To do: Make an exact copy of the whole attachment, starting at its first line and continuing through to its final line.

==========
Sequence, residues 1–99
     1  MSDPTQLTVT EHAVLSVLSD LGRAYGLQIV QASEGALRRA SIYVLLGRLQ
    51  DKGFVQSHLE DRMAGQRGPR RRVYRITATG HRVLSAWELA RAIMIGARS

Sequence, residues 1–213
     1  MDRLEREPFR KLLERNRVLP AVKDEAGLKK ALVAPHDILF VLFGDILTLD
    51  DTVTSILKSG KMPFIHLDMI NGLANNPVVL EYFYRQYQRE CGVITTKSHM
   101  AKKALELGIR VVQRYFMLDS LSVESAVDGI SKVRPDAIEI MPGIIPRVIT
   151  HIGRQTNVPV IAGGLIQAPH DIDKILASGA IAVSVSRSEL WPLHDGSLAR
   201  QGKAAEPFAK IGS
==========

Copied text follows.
Sequence, residues 1–99
     1  MSDPTQLTVT EHAVLSVLSD LGRAYGLQIV QASEGALRRA SIYVLLGRLQ
    51  DKGFVQSHLE DRMAGQRGPR RRVYRITATG HRVLSAWELA RAIMIGARS

Sequence, residues 1–213
     1  MDRLEREPFR KLLERNRVLP AVKDEAGLKK ALVAPHDILF VLFGDILTLD
    51  DTVTSILKSG KMPFIHLDMI NGLANNPVVL EYFYRQYQRE CGVITTKSHM
   101  AKKALELGIR VVQRYFMLDS LSVESAVDGI SKVRPDAIEI MPGIIPRVIT
   151  HIGRQTNVPV IAGGLIQAPH DIDKILASGA IAVSVSRSEL WPLHDGSLAR
   201  QGKAAEPFAK IGS